Kabelo Seriba: FS Metta wing-back explains why he left SuperSport United for European adventure



South Africa U-23 wing-back Kabelo Seriba has explained why he left SuperSport United and sought to dispel the myths over the standard of football in the Virsliga.

Seriba, 21, left SuperSport United in 2016, despite being touted as a major prospect for the future after impressing within the development ranks and in the MultiChoice Diski Challenge (reserve league).

READ: I feel sorry for coach Notoane - Seriba

His move to Latvian outfit FS Metta largely went under the microscope within local media but he remained a key figure within the Amajita set-up and now in the U-23 squad with head coach David Notoane.

Currently in his third season, with 56 games, one goal and five assists to his name, Seriba explains to KickOff how he's benefited from the journey to Northern Europe.

"After winning the Bayhill (Metropolitan Premier Cup), I had a bit of a disagreement with SuperSport as I wanted first-team football, Seriba said. "I asked them to let me go out on loan but the team dragged their feet with that decision.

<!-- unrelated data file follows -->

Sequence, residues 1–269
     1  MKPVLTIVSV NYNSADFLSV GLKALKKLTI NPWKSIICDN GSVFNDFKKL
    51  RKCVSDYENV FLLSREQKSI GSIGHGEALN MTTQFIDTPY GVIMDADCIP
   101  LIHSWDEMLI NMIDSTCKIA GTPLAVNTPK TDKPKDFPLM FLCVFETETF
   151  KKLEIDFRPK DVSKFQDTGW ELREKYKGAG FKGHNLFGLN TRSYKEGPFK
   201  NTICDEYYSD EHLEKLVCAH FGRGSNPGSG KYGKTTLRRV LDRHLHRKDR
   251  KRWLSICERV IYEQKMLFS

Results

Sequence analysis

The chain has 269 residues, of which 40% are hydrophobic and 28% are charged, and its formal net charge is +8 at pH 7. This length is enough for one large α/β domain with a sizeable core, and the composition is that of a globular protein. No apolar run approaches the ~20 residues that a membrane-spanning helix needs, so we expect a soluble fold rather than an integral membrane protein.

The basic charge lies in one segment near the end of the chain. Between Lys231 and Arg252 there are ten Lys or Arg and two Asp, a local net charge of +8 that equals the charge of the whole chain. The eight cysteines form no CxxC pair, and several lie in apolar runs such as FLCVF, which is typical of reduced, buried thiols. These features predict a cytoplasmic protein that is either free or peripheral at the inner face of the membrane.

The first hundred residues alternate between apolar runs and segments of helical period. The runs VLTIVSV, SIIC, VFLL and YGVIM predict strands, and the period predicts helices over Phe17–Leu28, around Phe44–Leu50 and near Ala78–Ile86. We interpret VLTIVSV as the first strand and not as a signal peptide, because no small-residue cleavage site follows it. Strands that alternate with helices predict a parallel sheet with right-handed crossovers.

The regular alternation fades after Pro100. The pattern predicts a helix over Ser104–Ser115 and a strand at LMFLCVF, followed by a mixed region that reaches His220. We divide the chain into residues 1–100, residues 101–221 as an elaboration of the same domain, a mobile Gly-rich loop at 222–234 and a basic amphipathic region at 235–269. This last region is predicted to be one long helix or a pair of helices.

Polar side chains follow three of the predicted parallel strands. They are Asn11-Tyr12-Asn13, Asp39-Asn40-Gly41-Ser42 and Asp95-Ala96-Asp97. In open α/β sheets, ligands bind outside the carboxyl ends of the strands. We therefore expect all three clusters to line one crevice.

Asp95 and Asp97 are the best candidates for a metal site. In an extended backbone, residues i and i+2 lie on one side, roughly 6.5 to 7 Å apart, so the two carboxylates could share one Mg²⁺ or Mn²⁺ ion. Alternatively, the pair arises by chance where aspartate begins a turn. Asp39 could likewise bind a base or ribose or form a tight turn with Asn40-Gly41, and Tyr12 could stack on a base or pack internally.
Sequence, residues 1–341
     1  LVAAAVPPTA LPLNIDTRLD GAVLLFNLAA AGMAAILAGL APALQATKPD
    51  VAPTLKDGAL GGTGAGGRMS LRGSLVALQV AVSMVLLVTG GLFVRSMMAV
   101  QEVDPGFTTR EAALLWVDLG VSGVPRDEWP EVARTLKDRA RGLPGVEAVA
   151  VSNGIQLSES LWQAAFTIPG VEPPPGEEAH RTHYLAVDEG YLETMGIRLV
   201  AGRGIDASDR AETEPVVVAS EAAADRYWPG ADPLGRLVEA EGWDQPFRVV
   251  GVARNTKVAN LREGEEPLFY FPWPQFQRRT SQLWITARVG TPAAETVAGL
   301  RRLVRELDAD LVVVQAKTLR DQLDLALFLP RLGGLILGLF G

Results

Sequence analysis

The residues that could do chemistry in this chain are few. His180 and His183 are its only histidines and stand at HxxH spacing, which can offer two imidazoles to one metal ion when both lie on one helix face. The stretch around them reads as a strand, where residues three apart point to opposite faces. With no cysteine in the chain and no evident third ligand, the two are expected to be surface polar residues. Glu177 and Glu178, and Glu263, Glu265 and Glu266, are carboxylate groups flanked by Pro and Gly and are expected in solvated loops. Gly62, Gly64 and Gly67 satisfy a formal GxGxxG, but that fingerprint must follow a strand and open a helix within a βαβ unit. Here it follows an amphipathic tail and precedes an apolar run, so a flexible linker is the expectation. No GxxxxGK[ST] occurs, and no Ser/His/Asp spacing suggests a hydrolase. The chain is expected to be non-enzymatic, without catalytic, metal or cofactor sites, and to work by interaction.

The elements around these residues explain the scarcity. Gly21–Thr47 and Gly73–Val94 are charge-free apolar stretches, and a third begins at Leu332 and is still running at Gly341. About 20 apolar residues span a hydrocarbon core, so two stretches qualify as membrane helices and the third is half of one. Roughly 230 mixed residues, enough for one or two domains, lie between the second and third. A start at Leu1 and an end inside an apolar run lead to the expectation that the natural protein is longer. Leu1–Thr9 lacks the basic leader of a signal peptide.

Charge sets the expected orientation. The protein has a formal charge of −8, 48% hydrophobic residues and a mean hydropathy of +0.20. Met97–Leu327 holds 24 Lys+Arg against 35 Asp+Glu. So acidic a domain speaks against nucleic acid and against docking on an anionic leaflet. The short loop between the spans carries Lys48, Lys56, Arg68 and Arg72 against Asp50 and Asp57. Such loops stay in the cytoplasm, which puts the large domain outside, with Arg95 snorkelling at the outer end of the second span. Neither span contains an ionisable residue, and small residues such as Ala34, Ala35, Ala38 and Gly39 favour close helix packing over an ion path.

"Playing regularly in the MDC for three seasons I wanted something new, I wanted new challenges and they released me six months later. I just wanted to move forward with my career, I needed an opportunity to go further with my career and develop."

He added on the surprise switch: "What happened then is, I got a new agent from Italy shortly after the end of my contract with SuperSport, Guilio D'Alessandro, we were in contact for a while.

"I went to Belgium, spent time with the top-flight side Eupen but then I received a contract offer from Latvia and I didn't hesitate to sign it."

After displaying supreme adaptability within his new surroundings, the attacking full-back has shown clear signs of physical and tactical improvement - which he attributes to the ambition of moving abroad.

"The standard is much higher, for me personally, playing against a host of new players I've never heard or seen before in my life was one challenge, the next was different philosophies in how to attack and defend," he explained.

"In South Africa, especially in MDC, players are of a high technical standard but much lower physically and mentally, the concentration levels and awareness of space is lacking.

"These guys here are big, strong and what you need know is, one mistake you are punished."